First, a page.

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Obstetrics and Gynecology International
Volume 2010 (2010), Article ID 984013, 8 pages
http://dx.doi.org/10.1155/2010/984013
Review Article

Genetics of Endometrial Cancers

1Department of Obstetrics and Gynecology, Showa University School of Medicine, 1-5-8 Hatanodai, Shinagawa-ku, Tokyo 142-8666, Japan
2Department of Obstetrics and Gynecology, University of Indonesia, Cipto Mangunkusumo National Hospital, Jakarta, Indonesia

Received 22 October 2009; Revised 7 February 2010; Accepted 28 February 2010

Academic Editor: Enrique A. Hernández

Copyright © 2010 Tsuyoshi Okuda et al. This is an open access article distributed under the Creative Commons Attribution License, which permits unrestricted use, distribution, and reproduction in any medium, provided the original work is properly cited.

Abstract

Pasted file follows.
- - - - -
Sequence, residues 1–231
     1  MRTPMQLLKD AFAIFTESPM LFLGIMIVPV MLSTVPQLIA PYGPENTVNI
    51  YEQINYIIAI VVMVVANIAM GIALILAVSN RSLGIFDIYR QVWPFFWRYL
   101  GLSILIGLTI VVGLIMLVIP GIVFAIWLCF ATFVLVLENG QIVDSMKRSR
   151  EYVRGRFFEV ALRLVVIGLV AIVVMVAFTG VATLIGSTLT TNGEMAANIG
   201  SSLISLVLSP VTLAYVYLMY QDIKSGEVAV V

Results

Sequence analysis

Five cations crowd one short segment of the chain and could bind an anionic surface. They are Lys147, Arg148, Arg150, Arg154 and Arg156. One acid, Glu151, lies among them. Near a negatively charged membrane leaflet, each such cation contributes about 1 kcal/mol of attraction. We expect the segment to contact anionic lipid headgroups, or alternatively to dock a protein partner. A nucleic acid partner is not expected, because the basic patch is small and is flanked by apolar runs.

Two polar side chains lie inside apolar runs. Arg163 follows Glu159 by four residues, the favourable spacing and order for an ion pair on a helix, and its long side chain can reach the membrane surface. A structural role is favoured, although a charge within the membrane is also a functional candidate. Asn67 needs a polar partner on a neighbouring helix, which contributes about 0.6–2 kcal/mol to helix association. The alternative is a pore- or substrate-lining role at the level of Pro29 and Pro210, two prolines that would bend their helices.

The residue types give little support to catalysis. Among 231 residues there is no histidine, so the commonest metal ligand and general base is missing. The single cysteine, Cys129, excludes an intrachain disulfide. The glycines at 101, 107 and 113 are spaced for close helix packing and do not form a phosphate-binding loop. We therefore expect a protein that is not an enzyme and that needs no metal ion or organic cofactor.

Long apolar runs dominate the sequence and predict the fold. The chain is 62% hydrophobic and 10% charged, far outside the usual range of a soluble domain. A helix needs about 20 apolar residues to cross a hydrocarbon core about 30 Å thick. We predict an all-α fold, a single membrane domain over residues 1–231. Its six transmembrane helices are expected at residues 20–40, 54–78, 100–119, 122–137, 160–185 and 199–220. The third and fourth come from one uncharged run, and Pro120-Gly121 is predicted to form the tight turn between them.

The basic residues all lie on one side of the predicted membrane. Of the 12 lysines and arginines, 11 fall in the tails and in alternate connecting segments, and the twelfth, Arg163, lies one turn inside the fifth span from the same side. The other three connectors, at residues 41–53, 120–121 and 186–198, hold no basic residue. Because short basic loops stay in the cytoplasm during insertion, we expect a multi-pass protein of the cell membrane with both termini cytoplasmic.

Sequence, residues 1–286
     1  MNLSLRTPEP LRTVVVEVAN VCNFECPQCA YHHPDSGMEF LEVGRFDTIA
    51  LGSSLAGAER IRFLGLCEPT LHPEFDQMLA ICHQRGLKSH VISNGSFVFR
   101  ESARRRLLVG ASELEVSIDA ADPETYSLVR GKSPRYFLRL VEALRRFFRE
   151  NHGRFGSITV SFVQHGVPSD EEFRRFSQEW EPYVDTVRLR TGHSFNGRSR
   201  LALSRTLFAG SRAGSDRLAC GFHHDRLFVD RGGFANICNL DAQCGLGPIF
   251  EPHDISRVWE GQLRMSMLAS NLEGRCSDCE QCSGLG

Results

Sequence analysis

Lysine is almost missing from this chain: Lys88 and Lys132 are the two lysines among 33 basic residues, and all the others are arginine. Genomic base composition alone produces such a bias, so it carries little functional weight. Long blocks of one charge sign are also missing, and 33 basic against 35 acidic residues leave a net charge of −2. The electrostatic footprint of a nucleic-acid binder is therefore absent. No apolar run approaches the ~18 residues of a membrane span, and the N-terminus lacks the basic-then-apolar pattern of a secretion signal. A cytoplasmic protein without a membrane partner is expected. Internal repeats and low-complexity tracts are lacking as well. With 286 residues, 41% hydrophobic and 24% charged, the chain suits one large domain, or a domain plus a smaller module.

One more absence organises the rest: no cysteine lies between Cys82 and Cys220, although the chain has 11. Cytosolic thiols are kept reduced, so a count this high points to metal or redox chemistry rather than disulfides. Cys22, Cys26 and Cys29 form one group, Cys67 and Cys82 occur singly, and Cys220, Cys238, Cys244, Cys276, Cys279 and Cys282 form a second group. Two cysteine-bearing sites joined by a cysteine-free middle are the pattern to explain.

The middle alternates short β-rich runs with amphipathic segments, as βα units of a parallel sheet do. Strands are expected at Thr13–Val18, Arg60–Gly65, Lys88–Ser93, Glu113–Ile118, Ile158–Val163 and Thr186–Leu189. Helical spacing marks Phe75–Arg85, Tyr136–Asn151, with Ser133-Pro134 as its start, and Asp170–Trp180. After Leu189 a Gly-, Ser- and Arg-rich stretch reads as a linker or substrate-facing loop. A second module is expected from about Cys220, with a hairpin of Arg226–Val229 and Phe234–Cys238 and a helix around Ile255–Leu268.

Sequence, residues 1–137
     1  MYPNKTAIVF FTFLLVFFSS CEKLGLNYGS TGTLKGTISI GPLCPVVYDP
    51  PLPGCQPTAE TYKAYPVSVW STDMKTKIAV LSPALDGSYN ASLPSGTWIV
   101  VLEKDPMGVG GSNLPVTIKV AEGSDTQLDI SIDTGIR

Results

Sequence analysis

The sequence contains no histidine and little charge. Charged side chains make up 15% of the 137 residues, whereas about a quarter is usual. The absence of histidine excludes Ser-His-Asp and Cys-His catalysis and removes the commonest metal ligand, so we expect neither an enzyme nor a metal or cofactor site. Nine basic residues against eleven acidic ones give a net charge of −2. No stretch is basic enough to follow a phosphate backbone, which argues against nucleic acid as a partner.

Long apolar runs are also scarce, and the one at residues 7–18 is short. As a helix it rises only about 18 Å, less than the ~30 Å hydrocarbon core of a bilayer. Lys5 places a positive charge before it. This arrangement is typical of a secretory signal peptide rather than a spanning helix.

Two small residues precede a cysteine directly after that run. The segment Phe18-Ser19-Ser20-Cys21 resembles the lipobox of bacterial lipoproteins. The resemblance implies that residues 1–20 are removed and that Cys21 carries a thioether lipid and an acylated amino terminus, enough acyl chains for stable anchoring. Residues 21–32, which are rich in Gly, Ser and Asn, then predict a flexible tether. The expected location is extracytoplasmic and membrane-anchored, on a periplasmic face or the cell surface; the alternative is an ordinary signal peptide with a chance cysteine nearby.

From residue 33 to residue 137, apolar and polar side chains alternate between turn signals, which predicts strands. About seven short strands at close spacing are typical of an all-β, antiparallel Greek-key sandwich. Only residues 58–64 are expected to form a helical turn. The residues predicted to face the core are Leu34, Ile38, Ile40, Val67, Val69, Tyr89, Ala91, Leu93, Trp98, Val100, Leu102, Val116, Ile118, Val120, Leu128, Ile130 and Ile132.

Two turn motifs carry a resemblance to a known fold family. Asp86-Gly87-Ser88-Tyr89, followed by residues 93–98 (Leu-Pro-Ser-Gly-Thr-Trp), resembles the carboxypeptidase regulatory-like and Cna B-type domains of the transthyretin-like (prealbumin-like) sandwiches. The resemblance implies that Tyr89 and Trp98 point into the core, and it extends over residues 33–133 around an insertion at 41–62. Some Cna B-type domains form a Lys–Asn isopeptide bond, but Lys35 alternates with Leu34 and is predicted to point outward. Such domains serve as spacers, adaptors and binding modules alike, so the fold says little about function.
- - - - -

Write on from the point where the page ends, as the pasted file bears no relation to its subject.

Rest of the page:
Endometrial cancers exhibit a different mechanism of tumorigenesis and progression depending on histopathological and clinical types. The most frequently altered gene in estrogen-dependent endometrioid endometrial carcinoma tumors is PTEN. Microsatellite instability is another important genetic event in this type of tumor. In contrast, p53 mutations or Her2/neu overexpression are more frequent in non-endometrioid tumors. On the other hand, it is possible that the clear cell type may arise from a unique pathway which appears similar to the ovarian clear cell carcinoma. K-ras mutations are detected in approximately 15%–30% of endometrioid carcinomas, are unrelated to the existence of endometrial hyperplasia. A -catenin mutation was detected in about 20% of endometrioid carcinomas, but is rare in serous carcinoma. Telomere shortening is another important type of genomic instability observed in endometrial cancer. Only non-endometrioid endometrial carcinoma tumors were significantly associated with critical telomere shortening in the adjacent morphologically normal epithelium. Lynch syndrome, which is an autosomal dominantly inherited disorder of cancer susceptibility and is characterized by a MSH2/MSH6 protein complex deficiency, is associated with the development of non-endometrioid carcinomas.